When green, violet and white appear together on historic jewelry, this unusual color combination typically signifies that the piece was first owned by a member of the Suffragette movement -- for whom green represented hope, purple signified dignity and white stood for purity. The language we associate with "regard" jewelry applied, too: The "G" of green, "W" of white and "V" of violet comprised an abbreviation for Give Women (the) Vote. All this seems cryptic now, but was clearly understood by everyone in an era when messages were also communicated by which flowers you sent, how you held your fan and which corner of a calling card you folded down, if any.
To the Suffragettes' efforts through many decades in the U.K. and U.S., we modern women owe our right to vote. That right was finally extended to all American women in 1920 and to all in Great Britain in 1928. Thus, although most of the jewelry is Victorian, Edwardian or transitional, some dates from the Art Deco era.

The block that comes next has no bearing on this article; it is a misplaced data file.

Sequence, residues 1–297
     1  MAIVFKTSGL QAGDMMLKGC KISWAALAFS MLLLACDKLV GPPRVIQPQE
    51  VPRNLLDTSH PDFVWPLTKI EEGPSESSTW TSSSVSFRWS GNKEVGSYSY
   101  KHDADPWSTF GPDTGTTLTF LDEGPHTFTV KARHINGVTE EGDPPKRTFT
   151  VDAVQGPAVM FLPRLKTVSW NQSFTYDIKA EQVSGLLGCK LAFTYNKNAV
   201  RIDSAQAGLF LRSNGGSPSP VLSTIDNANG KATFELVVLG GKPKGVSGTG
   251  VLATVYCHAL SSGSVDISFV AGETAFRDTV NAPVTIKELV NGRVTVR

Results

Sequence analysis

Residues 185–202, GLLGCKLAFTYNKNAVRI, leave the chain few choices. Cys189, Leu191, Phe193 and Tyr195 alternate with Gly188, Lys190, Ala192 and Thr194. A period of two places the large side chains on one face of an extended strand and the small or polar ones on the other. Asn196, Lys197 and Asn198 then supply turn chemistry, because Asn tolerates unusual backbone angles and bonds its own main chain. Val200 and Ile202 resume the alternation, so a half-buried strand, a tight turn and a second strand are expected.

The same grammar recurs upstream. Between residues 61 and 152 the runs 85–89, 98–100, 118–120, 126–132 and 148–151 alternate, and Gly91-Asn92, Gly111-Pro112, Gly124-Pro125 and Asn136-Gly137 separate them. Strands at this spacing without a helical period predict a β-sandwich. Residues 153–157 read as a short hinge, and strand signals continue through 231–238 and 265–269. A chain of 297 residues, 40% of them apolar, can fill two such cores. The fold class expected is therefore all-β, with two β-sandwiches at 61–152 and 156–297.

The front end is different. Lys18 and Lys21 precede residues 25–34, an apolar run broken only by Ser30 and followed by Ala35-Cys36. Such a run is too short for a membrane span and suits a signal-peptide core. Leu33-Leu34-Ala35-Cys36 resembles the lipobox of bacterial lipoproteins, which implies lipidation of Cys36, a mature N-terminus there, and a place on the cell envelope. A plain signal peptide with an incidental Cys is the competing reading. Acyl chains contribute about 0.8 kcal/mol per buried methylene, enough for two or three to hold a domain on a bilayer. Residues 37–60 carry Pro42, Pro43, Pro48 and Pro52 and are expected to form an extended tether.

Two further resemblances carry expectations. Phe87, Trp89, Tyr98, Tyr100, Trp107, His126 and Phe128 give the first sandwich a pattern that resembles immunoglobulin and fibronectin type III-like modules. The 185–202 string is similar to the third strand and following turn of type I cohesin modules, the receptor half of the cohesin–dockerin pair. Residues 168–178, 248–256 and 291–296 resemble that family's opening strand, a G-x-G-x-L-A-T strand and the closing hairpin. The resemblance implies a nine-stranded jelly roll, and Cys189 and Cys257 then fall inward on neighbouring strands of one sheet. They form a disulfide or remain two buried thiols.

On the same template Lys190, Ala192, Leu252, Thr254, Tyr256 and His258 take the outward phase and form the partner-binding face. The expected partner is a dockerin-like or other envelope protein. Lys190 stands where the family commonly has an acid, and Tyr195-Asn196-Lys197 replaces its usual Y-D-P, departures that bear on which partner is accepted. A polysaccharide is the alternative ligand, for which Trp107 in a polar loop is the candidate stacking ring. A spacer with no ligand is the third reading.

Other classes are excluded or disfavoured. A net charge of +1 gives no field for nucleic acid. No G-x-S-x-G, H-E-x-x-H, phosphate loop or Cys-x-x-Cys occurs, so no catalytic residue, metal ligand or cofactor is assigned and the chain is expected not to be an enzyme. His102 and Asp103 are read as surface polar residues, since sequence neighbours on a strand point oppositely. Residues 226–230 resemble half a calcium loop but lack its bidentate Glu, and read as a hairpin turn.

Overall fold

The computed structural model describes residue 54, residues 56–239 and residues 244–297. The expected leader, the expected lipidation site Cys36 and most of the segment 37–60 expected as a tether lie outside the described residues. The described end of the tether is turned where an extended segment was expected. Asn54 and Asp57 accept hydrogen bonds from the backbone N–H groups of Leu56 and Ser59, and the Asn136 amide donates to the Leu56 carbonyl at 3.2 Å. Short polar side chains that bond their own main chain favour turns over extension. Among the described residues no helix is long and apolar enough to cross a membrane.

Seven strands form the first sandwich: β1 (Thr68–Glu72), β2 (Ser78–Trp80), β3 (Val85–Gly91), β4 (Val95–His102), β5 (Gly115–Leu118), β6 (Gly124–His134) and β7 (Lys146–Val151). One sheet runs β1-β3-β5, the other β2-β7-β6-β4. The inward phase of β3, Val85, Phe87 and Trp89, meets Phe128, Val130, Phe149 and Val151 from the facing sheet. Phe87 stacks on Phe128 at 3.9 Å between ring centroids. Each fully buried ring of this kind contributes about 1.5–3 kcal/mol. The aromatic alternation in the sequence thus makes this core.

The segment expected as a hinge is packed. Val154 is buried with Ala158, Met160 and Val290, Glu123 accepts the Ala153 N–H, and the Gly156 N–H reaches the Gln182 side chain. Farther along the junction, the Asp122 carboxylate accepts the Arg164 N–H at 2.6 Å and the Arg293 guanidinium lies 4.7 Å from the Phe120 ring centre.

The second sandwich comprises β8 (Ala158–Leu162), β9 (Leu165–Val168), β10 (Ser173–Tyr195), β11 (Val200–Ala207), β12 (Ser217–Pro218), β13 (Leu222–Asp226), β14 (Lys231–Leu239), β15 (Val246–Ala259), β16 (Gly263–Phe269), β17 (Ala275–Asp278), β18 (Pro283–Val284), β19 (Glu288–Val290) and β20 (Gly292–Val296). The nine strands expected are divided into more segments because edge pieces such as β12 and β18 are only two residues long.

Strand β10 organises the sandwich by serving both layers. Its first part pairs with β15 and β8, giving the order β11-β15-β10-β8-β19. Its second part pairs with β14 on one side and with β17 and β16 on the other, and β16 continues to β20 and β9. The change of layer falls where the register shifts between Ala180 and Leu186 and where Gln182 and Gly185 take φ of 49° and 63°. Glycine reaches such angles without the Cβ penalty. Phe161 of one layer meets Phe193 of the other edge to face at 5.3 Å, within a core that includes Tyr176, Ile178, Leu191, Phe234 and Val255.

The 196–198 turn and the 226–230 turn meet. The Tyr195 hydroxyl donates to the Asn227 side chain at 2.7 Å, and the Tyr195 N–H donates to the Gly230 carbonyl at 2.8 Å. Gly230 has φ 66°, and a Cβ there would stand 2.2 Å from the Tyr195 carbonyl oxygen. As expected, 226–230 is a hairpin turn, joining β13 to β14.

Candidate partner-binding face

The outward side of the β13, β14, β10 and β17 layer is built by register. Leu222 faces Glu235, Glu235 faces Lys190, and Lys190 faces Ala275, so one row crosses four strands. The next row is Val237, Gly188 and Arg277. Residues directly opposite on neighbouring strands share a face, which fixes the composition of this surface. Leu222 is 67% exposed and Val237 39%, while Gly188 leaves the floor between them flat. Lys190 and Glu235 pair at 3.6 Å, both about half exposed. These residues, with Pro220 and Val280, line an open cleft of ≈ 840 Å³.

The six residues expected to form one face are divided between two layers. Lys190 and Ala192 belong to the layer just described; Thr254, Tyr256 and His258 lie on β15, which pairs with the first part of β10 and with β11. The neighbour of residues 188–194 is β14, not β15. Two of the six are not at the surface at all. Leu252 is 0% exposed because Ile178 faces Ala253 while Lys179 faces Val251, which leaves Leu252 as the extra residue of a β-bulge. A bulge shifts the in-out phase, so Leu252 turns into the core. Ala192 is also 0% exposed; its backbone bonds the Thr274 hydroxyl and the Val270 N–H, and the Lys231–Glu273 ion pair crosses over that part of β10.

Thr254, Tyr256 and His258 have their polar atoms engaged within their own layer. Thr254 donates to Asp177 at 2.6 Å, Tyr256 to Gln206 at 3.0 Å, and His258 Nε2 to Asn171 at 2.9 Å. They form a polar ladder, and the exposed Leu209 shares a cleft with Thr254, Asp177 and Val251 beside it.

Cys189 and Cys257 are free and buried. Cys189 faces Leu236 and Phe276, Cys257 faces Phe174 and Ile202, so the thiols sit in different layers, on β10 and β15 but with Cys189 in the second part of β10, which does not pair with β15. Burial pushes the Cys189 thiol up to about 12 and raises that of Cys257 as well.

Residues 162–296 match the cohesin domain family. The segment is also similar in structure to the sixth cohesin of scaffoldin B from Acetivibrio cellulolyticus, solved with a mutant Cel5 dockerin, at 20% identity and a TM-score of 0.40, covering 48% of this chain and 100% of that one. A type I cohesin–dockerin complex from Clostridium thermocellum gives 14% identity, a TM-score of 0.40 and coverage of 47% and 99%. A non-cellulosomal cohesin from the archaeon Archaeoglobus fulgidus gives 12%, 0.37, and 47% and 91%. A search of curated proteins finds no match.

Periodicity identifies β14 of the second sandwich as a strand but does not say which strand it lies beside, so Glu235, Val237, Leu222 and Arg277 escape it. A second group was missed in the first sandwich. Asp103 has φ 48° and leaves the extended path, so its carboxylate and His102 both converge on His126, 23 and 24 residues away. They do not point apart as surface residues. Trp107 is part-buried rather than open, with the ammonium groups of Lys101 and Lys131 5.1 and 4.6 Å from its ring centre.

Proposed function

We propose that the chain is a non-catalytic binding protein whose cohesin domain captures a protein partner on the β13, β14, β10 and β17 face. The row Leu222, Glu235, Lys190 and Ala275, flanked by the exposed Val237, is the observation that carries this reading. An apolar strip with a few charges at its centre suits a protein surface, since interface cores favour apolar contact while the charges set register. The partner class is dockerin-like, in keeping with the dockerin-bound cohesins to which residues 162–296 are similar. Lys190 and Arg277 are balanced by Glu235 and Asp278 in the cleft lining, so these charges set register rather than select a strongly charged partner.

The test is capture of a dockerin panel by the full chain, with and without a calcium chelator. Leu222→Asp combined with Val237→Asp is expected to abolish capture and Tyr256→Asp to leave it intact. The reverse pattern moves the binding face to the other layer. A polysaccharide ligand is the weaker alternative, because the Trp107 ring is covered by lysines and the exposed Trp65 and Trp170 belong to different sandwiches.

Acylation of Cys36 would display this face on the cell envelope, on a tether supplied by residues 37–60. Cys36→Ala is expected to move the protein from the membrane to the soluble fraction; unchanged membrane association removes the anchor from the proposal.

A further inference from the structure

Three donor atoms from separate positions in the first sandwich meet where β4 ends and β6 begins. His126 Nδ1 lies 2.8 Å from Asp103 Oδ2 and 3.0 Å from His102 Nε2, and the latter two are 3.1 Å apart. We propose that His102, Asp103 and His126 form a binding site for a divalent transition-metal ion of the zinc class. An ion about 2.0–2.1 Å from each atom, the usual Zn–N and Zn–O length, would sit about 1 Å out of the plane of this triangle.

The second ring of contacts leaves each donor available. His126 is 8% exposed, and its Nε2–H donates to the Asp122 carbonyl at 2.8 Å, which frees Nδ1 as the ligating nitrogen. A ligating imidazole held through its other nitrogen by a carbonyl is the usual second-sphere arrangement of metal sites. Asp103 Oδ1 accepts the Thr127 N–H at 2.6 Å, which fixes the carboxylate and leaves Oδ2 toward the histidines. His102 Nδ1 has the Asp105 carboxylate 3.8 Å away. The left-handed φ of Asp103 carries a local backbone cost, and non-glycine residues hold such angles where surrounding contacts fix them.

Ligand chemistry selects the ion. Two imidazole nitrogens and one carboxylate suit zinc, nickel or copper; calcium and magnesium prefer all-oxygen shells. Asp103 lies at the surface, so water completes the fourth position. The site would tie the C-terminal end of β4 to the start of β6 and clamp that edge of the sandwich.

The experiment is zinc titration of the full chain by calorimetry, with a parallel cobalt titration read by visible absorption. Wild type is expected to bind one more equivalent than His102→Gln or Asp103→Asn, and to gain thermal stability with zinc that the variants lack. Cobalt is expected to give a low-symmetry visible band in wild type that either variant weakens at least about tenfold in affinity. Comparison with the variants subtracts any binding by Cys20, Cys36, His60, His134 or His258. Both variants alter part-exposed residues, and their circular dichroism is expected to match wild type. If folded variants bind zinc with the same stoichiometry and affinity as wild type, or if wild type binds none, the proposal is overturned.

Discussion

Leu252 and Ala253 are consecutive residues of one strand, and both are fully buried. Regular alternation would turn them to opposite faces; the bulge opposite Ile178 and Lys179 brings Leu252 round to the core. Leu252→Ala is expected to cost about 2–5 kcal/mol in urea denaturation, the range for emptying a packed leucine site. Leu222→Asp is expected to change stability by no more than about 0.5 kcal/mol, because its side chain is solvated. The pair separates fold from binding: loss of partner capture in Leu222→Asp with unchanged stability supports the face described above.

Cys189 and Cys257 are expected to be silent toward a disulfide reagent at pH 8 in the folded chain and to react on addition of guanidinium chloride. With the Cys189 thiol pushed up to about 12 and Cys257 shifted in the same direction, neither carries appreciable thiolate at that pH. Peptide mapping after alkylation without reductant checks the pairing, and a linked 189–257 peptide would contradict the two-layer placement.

Probable dating of this spectacular brooch would be 1920s, based on the findings and details of fabrication, as well as the style. Faux diamonds and emeralds are featured, along with a whopping big art glass amethyst and gilding so heavy that the metal is still bright nearly a century later. Surviving Suffragette brooches do tend to be in good shape, because most women wore them only for special events and then tucked them away as mementoes soon after the vote was gained.
Measuring 1.75 inches round, this is a jewel of impressive size and the domed shape adds to its strong presence. Openwork keeps it from being overly weighty, but there's still a good bit of heft. it's something you'd want to wear on a jacket or coat rather than delicate fabrics. The original idea must have been for it to appear on outerwear during women's marches and to be big enough for onlookers not to miss.
Provenance of the brooch is a Houston estate. Origin could be English or American, but the stones are most likely Czech.
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